Chemical Safety Legislation Backed by ANA, Physicians

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Dangerous chemicals in consumer products and the environment that are largely unregulated are posing unacceptable risks to human health, ANA told U.S. Senate staff in a joint briefing with Physicians for Social Responsibility Sept. 20 on the Chemical Safety Improvement Act (SB 1090).

The nurses’ and physicians’ groups urged the Senate gathering to modify the Chemical Safety Improvement Act to better protect vulnerable populations, including pregnant women, infants, young children and the elderly, as well as workers, low-income communities, and areas with high levels of aggregate chemical exposure, such as communities near polluting industries.

Environmental and occupational health experts focused on the hazards of chemicals known as endocrine disruptors, which interrupt the body’s hormone system. Endocrine disruptors have been associated with a wide range of health problems, from obesity and diabetes to infertility and cancer.

ANA has long advocated for more tightly regulating toxic chemicals in the health care workplace and the environment. ANA has supported previous legislative efforts to reform the toxic substance approval, monitoring and restriction process, including reform of the Toxic Substances Control Act. ANA calls for:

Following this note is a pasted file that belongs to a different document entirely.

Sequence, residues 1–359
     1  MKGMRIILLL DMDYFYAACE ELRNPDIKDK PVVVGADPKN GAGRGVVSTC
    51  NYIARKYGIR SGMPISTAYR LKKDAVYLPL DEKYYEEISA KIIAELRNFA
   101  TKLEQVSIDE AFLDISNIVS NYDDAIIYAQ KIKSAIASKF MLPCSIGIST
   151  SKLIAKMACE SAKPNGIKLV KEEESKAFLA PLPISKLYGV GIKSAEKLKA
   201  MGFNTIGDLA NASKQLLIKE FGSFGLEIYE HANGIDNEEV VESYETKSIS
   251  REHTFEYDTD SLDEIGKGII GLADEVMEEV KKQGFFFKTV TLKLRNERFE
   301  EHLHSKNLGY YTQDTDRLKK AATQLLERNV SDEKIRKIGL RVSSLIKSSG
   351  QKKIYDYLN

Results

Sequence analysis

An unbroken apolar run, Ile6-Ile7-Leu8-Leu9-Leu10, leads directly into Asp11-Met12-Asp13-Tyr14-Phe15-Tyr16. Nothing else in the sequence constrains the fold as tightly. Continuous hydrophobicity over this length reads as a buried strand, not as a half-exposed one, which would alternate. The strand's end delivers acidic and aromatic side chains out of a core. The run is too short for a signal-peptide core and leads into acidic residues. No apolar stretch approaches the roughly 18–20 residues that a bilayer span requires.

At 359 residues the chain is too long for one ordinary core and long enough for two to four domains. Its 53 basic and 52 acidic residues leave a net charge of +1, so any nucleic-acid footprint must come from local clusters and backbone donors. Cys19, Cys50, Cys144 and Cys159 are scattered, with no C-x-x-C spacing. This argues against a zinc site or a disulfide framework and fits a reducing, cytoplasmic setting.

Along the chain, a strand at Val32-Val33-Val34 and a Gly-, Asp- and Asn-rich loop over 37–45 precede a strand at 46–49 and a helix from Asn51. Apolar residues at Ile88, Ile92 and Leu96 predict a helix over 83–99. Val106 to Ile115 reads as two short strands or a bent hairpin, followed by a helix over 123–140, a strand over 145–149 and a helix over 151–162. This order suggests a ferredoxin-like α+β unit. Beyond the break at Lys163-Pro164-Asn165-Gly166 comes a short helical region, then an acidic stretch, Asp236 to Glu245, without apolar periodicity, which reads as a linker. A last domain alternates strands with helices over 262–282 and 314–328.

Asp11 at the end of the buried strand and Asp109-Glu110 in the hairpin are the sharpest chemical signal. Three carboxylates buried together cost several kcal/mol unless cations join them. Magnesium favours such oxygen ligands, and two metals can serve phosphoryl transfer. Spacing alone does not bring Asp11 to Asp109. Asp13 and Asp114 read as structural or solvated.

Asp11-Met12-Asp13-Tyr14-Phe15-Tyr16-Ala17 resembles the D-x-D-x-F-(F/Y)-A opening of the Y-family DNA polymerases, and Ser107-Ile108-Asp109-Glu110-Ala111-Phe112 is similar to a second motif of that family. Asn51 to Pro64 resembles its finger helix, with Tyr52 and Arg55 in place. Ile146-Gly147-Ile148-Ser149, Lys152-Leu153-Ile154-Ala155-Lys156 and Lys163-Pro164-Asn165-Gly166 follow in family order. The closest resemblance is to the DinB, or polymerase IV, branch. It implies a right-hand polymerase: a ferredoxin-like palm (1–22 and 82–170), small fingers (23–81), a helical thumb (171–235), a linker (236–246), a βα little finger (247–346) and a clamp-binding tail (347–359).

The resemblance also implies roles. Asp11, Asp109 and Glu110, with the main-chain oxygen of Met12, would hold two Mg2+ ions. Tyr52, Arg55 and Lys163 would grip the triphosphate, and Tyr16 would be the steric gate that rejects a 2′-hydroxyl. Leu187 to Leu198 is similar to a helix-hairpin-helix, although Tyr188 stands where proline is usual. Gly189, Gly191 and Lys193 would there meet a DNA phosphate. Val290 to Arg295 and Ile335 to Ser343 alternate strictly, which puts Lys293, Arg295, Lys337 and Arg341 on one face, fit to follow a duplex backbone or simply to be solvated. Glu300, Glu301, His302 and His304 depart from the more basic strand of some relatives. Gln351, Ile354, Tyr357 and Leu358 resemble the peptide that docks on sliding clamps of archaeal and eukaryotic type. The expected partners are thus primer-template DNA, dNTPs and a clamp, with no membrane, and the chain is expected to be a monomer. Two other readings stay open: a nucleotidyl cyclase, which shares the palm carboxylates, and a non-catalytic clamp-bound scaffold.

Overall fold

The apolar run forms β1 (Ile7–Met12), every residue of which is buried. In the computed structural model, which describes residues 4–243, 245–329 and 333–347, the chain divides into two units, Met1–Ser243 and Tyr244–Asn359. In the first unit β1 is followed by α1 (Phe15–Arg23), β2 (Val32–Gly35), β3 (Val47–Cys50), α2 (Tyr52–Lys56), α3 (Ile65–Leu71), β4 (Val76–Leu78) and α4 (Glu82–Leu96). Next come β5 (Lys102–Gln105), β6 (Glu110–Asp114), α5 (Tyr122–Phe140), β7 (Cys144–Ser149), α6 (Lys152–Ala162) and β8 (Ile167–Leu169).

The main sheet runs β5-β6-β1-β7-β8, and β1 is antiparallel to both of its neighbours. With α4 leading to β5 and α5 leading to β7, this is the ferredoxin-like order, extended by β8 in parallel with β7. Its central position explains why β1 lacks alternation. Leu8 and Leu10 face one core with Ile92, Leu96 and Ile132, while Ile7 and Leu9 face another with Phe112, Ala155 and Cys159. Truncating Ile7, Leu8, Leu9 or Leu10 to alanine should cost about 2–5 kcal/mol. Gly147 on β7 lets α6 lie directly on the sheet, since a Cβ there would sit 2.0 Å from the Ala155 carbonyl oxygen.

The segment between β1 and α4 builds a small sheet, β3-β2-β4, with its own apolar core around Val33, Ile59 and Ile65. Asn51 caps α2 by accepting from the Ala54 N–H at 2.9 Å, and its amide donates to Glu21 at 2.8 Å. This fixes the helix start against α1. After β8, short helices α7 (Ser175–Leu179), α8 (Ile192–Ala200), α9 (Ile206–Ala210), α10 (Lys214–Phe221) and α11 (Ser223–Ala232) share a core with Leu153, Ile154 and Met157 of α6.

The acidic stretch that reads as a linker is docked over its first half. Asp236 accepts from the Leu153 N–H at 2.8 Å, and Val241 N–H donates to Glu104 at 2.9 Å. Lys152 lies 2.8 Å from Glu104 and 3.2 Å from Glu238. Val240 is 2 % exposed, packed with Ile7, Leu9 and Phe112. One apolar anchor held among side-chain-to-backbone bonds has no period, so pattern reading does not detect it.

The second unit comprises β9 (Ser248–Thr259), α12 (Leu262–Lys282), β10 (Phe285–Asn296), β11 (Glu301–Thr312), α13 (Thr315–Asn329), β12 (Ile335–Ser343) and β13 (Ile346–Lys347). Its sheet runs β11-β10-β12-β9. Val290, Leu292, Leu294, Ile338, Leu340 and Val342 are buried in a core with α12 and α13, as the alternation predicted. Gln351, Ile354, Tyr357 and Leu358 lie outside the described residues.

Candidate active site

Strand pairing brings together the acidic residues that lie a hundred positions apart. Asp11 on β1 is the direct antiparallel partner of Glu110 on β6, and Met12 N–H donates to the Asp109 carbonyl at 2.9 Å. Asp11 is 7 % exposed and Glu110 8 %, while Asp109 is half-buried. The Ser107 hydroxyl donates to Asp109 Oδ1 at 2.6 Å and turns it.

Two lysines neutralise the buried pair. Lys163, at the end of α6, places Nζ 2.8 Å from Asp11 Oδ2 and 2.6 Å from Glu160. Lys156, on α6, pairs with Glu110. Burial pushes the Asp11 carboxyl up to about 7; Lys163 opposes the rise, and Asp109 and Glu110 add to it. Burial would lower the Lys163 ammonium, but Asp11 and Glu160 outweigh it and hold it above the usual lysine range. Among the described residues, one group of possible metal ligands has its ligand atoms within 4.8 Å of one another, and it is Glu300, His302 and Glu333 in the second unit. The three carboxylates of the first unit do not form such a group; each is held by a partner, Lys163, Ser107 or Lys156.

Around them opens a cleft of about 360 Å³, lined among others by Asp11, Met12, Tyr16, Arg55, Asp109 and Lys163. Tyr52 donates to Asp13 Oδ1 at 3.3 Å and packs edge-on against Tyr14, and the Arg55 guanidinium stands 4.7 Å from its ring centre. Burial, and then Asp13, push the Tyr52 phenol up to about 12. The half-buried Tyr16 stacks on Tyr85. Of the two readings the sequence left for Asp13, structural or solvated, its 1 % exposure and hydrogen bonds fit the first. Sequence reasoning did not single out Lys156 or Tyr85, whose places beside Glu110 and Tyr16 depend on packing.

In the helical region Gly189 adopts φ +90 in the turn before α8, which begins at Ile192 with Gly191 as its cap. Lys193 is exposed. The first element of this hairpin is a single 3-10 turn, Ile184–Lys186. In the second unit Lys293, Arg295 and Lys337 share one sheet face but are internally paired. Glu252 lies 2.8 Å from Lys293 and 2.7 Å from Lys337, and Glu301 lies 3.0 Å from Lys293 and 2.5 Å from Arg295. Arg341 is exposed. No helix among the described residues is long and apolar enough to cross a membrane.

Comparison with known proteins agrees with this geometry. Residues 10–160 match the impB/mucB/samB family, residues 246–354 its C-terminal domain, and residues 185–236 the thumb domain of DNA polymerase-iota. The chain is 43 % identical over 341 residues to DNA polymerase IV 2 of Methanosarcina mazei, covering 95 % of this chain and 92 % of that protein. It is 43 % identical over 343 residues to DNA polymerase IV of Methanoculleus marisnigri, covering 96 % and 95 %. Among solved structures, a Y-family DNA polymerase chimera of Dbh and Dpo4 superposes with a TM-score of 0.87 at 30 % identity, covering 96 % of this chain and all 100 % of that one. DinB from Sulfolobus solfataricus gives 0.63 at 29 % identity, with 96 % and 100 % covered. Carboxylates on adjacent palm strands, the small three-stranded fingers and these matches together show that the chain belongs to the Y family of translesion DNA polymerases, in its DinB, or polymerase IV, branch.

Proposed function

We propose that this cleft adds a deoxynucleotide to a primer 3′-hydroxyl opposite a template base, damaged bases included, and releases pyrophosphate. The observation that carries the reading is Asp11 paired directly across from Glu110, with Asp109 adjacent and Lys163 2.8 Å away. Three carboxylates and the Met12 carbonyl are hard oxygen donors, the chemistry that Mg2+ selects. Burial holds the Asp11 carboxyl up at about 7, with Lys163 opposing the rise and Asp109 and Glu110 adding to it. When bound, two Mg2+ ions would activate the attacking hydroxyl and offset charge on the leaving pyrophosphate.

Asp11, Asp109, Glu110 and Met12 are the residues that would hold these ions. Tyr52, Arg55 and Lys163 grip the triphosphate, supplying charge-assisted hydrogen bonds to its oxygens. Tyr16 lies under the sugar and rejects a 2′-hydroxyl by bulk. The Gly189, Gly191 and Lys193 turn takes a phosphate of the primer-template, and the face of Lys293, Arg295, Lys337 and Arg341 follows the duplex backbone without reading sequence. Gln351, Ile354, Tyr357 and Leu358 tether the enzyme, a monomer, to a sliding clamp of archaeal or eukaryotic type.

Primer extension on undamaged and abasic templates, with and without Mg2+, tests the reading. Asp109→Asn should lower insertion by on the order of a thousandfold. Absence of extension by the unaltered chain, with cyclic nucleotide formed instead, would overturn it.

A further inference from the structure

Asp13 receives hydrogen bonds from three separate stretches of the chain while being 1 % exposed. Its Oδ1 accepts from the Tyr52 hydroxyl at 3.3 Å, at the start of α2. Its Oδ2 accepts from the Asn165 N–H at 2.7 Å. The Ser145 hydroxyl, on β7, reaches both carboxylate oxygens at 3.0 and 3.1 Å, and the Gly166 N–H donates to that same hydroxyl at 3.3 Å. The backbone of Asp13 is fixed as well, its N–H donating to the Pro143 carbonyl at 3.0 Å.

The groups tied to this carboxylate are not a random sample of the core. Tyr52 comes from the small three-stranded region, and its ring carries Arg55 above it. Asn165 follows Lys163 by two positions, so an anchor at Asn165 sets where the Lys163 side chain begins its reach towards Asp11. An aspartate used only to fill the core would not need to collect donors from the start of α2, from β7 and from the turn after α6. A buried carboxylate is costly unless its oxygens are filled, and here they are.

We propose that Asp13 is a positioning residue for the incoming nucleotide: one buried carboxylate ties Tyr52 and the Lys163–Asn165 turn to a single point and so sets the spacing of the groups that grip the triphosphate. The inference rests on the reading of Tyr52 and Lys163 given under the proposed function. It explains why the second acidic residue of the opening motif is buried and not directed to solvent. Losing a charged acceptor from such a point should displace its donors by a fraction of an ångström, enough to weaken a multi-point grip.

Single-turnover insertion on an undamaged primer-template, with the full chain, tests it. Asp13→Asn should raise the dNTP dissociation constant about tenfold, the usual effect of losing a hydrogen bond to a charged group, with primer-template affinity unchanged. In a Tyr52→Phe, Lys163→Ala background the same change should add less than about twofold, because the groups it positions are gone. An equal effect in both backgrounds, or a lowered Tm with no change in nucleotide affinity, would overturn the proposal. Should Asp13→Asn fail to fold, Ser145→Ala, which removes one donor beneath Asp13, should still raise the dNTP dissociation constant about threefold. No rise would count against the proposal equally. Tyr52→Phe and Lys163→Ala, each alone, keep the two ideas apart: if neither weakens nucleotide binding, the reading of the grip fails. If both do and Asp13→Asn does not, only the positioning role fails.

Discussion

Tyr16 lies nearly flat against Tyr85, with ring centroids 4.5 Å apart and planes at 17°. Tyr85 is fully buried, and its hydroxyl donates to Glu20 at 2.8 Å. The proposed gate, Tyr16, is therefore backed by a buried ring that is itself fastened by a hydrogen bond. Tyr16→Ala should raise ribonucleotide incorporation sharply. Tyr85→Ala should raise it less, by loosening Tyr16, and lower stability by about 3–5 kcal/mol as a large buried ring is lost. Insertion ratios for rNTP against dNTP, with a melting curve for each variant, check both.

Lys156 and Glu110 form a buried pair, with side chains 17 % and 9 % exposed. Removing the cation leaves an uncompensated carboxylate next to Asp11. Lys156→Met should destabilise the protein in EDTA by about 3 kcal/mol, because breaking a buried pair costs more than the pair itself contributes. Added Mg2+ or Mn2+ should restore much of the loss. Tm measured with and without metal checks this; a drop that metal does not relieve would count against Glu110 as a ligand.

• Substituting less harmful chemicals whenever possible;
  • Labeling and full disclosure for chemicals;
  • Providing adequate information on the health effects of chemicals and chemicals in products before market introduction;
  • Streamlining methods for chemicals to be removed from use;
  • Researching the relationship between health and the environment, especially toxicology and impacts on vulnerable populations such as infants, children, pregnant women, and the elderly;
  • Educating nurses about the potentially harmful chemicals that are typically used in health care settings, and safer products for substitution; and
  • Ensuring that nurses have full access to information and the right-to-know about the potentially hazardous chemicals to which nurses, other healthcare workers, patients, and communities are exposed.